A Taren Point distillery has won a national award for its prized liqueur.
Scylla Distilling Co, which recently moved from Heathcote, snagged the gold medal and 'best liqueur' win for its raspberry tipple, knocking out almost 100 competitors.
Hosted by Melbourne Royal - formerly The Royal Agricultural Society of Victoria, and launched in 2015, the awards is Australia's first and largest national spirits competition highlighting the innovation and excellence of Australian-manufactured spirits, liqueurs, aromatics and vermouths.
It offers entrants the opportunity to benchmark against set criteria, receive invaluable independent feedback from industry experts, and be rewarded for excellence in a growing sector.
Entries in the 2023 Melbourne Royal Australian Distilled Spirits Awards were assessed by 53 of Australia's industry experts across three day of blind taste testing, with points give for appearance, nose, palate, balance and finish.
The Sutherland Shire trio behind Scylla Distilling Co scored silver in 2022, but worked hard to improve their recipe this year.
Co-founded by couple John and Zoe Williams, and Justin Atic, the crew launched into the company after leaving the corporate world. A desire to churn fruity alcohol - not bank notes, was the turning point into liqueur production.
Mr Atic's grandparents also have been making rakija, a Serbian spirit for generations, so it was a natural step into the beverages sector.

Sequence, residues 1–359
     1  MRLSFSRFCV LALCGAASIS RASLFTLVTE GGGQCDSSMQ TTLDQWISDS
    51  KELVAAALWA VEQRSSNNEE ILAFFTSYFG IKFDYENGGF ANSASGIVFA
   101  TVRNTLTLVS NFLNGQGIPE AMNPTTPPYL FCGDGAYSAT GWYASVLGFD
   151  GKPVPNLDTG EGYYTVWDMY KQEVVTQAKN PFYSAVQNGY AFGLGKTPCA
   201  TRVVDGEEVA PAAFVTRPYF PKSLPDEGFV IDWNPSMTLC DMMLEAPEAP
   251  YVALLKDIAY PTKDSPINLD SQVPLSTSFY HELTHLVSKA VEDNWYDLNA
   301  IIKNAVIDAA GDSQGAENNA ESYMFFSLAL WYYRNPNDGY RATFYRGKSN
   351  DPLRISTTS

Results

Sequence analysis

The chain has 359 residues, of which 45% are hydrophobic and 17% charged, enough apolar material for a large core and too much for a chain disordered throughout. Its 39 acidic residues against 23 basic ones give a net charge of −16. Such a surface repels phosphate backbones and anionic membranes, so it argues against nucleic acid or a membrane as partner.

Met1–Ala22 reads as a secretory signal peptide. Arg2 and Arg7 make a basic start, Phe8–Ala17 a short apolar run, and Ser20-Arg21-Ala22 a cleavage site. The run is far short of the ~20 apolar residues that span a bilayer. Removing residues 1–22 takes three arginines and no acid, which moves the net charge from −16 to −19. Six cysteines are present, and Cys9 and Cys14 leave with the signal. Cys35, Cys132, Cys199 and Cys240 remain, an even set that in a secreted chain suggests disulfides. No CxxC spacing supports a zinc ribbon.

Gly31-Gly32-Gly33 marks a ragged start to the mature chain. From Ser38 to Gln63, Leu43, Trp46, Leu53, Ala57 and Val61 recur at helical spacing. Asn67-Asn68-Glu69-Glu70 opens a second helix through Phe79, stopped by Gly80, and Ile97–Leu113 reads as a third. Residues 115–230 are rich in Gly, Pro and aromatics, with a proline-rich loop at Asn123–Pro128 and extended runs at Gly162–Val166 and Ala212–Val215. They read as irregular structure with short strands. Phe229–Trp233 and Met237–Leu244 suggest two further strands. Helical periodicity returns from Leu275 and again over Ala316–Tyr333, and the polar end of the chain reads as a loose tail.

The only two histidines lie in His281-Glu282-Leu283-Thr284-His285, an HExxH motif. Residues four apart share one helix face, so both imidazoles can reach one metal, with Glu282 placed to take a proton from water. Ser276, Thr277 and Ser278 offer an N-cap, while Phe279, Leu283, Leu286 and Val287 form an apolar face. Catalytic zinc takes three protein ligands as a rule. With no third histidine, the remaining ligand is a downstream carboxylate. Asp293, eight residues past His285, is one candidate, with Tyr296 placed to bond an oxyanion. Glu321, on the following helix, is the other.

Made with ruby red raspberries grown in Tasmania and NSW, sugar and vanilla from tropical North Queensland, their liqueur was described as having an authentic and fresh raspberry flavour with a smooth and light mouthfeel.
The process of making the winning drink starts with soaking hundreds of kilograms of raspberries for longer than they usually had - this time, for eight weeks, in stainless steel tanks of 300 litres of watered-down vodka - about 70 per cent alcohol. The liquid is then squeezed in a press and filtered through to remove any chunks - but with a little sediment to retain flavour.
"Raspberry liqueur was the drink that started our fruit liqueurs range. These are unique in the liqueur space as they are made using the natural goodness of real fruit, instead of artificial colours and flavours," Mrs Williams said.
"We were also intentional about making a higher price point because we didn't want to put something on the market that was easy to access so as not to encourage binge drinking."
It takes just one punnet of raspberries to make a single bottle of the prized liqueur.
"We knew there was something special about this one," Mr Williams said.
The team also hopes to get noticed with their passionfruit and lychee liqueurs in the competition in 2024, and is also working on bringing gin products to the local market.
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